From the beginning of this weblog, your GetReligionistas have urged mainstream newsrooms to do a better job of covering liberal religious believers — as RELIGIOUS believers.
Far too often, believers in liberal institutions are covered as if there is nothing to their lives and beliefs but politics.
The same thing tends to happen to African-American churches, even if — doctrinally speaking — these churches are quite conservative. Far too often, it seems that journalists simply assume that these believers are basing their lives on political and cultural motivations, period.
Well, the newspaper that lands in my front yard just served up a story that I kept thinking was going to avoid this syndrome. Why? Because this story focused on a Baltimore project that focused on cooperation linked to religion and art, as opposed to being exclusively about religion and politics.
Trust me, I know that the high arts have become just as politicized in our culture as the popular arts. In fact, because of their connections to government funding and academia, the high arts are even more politicized.
However, this Baltimore Sun story still had the potential to ask some spiritual questions linked to progressive religious institutions and an arts institution, with the added benefit of the involvement of some more traditional African-American churches. Here is the overture:
The old arched red wooden door to the Seventh Metro Church is less that two blocks from the modern glass-and-steel panel that floats in front of the Maryland Institute College of Art’s newest exhibition space. They bring to mind two different eras and seem designed to be used by two dissimilar groups of people: spiky-haired artists and church ladies wearing fancy hats.
But when a white art student in her 20s met a middle-aged African-American pastor, they discovered that both doors opened into sacred spaces where people look for answers to the same big questions.
Caitlin Tucker and Ryan Preston Palmer became acquainted through an innovative program that brings together two of the seminal institutions that have helped transform the Station North neighborhood — the Maryland Institute College of Art and a group of local churches.
“This program has been a catalyst for bringing together the whole neighborhood,” Palmer says. He admits that until recently, he had never set foot in MICA, though he himself is an artist. For her part, neither Tucker nor Bashi Rose, an artist assigned to the Seventh Metro project, had previously crossed the church threshold.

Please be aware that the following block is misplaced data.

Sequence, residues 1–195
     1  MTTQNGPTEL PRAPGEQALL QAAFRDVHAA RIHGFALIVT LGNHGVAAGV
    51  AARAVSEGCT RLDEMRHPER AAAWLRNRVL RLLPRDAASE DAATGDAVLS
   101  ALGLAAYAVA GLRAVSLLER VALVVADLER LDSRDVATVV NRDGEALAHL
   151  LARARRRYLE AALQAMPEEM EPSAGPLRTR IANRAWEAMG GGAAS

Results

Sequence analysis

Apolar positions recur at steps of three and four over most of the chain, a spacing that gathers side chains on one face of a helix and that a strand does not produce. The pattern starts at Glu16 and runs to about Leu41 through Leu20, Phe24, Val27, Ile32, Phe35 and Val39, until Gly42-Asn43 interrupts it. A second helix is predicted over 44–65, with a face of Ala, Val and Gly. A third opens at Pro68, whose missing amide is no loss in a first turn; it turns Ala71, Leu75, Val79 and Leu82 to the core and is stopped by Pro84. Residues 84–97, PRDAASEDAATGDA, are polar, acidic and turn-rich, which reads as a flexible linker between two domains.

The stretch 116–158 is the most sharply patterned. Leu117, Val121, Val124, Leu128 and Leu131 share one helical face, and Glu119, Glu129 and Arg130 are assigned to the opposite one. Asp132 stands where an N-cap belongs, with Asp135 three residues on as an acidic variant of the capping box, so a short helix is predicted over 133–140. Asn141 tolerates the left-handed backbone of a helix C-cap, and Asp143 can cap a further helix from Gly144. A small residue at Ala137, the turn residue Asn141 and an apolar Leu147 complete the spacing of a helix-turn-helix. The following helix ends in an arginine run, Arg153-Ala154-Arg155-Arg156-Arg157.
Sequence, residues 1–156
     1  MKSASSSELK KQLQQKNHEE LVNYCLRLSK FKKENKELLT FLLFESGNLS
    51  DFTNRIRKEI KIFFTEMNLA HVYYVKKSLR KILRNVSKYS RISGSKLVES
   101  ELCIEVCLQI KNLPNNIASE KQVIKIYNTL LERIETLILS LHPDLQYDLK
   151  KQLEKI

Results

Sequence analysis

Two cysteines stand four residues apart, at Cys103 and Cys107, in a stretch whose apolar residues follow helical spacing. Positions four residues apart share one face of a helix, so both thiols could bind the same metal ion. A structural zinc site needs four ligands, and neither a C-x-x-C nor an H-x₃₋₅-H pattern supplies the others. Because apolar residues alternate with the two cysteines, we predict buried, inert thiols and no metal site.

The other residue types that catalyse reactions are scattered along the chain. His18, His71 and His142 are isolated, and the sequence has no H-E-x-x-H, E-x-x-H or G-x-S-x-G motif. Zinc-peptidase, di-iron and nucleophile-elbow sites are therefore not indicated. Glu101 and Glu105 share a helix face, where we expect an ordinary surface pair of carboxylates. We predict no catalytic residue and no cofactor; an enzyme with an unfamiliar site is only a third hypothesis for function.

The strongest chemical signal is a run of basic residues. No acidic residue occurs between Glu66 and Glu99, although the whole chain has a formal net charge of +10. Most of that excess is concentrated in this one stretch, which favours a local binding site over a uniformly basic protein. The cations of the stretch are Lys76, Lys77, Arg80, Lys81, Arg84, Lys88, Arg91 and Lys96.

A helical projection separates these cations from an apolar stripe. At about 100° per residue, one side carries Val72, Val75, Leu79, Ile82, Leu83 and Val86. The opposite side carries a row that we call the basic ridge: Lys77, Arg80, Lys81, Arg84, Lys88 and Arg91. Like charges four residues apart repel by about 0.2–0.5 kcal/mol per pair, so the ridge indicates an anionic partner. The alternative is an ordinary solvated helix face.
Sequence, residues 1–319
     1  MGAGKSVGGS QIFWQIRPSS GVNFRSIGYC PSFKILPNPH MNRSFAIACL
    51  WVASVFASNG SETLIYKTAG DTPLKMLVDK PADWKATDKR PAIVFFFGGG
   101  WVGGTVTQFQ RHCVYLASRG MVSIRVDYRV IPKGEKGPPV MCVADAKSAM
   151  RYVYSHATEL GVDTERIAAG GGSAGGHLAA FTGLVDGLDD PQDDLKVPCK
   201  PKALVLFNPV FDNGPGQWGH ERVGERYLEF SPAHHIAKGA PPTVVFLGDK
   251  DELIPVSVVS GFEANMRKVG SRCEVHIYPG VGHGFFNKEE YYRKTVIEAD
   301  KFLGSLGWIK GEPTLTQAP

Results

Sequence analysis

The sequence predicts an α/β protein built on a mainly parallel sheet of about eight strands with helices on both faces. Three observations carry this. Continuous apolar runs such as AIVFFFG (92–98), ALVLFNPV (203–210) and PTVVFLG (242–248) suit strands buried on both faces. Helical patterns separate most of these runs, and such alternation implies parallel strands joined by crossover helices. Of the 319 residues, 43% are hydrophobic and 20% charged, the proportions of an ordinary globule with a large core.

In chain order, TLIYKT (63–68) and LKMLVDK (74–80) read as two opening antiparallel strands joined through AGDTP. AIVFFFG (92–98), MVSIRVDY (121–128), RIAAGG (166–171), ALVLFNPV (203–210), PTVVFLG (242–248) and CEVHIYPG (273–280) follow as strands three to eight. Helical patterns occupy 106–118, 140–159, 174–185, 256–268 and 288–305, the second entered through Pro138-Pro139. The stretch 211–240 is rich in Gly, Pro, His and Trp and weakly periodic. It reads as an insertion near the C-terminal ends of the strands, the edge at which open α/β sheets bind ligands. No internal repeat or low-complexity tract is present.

First, let me make a picky comment about Associated Press style. Why does the Sun continue its strange practice, when dealing with the black church, of ignoring AP style for the titles of ministers? In this case, we are talking about “the Rev. Ryan Preston Palmer,” on first reference. Yes, the story calls him a pastor in the previous sentence — but that does not cancel out the guidelines of AP style. I do not think I have ever seen the Sun them ignore this rule with a white clergy person.
Moving on. It’s clear, from the list of participating churches, that this project combines the work of modern artists with the culture of liberal white churches and the style and folk art of more traditional black churches. Here’s the participants list, in urban Station North: Seventh Metro Church, St. Mark’s Evangelical Lutheran Church, the New Second Missionary Baptist Church, St. Michael & All Angels Episcopal Church and the Spiritual Empowerment Center.
Tucker states the thesis of the story:
“There’s sometimes an assumption that there’s a divide between artists and communities of faith,” Tucker says. “Not a lot of members of our class identify as religious. The students at MICA who practice a faith have said in campus surveys that they feel discriminated against. But historically, there’s a strong connection between art and religion.”
Now, that is a promising statement, one that I truly hoped would be fleshed out in this story.